Ghana's Volta region has the lowest quality education in the country, and lack of facilities means 87% of girls in primary school do not continue to secondary school.
Tetra Tech partnered with Voices of African Mothers and Cornell University Sustainable Design’s Sustainable Education Ghana to give girls a safe and sustainable place to receive an education. Watch the video above to learn more about this project and partnership.
The first classroom unit is slated to open in 2019.
Guest post by Alex Keros, Smart Cities Chief at GM Urban Mobility/Maven
The pace of transportation technology development is opening the door to a broader array of mobility and partnership options. In parallel, perceptions toward personal car ownership are shifting, especially in urban environments. These trends afford us the opportunity to reexamine the way people are moving through their community, and leverage technology to help make that movement easier, safer and more reliable.
Why sustainability matters and why every business decision should be tested on its sustainability impact
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In a conversation with Martina Fuchs from CNNMoney Switzerland, our President and CEO Peter Bakker talks about today’s challenges for business, and how we work together with our members to accelerate the transition to a sustainable world.
By Kari Niedfeldt-Thomas, Managing Director, Corporate Leadership
Three years ago, CECP came together with its partner organizations around the world and established the Global Exchange as an opportunity to expand corporate impact and develop a shared voice on how companies are a force for good around the world.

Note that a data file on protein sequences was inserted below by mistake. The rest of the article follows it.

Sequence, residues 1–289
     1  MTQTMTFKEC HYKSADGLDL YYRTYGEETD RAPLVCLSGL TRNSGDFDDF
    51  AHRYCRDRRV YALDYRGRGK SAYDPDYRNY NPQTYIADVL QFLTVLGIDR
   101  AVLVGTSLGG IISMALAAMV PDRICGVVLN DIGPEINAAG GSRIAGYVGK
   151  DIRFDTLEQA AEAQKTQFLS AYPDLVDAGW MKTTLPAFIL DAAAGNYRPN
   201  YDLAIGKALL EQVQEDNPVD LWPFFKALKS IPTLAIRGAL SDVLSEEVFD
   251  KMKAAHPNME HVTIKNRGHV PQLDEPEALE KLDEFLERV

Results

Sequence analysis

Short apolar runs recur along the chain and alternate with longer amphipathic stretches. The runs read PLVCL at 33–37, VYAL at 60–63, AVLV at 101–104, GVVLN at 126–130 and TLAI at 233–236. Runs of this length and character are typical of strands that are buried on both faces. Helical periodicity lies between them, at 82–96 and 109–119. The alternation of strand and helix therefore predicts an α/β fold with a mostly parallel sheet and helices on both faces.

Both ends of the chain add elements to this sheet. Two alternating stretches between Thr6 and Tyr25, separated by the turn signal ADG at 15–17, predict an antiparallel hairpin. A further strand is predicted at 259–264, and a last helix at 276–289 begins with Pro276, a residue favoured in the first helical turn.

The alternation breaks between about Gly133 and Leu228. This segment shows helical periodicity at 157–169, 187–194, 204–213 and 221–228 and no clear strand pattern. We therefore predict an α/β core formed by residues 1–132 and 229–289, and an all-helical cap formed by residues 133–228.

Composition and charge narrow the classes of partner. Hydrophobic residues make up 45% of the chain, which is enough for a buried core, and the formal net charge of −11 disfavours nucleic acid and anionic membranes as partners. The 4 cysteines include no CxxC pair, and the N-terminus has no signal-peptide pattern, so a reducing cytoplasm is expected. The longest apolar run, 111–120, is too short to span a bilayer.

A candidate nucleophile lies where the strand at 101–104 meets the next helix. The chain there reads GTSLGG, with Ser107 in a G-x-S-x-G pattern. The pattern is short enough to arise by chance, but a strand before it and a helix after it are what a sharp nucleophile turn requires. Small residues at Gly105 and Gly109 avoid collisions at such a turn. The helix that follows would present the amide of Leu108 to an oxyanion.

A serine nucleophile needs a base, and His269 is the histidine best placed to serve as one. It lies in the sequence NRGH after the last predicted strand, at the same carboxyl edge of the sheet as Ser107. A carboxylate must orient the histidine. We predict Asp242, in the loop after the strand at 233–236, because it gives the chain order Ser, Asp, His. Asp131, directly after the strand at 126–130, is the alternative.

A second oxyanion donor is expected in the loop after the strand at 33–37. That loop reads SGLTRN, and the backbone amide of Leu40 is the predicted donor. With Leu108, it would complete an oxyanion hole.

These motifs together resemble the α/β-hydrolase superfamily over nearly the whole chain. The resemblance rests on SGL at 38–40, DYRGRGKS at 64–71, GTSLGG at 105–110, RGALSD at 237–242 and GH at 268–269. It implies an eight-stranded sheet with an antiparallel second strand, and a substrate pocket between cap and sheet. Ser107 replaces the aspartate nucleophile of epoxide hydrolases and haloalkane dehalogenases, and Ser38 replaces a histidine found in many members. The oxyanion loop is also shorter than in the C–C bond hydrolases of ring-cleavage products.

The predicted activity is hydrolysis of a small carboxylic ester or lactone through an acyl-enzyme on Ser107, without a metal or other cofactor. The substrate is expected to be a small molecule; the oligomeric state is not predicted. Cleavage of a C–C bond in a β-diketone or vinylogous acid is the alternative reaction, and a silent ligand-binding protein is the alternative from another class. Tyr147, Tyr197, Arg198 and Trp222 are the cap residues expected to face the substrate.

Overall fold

2018 proved to be an active year in Corporate Social Responsibility with issues related to sustainability, globalization, advocacy on social issues and multiple natural disasters in the forefront. Some of these issues and trends will continue into 2019, but leaders should expect to see the following noteworthy changes:
How One Agricultural Training Ground is Changing Traditional Farming Methods Across Zambia
Mr. Cipolo worked at an airport in Lusaka, Zambia for most of his adult career. In 1994, at the age of 50, he was suddenly laid off. He applied to other jobs in the city but no one wanted to hire him because of his age. Yet he still needed a full-time income to support his family. He tried farming, but after balancing his books at the end of first year, he found he was losing money.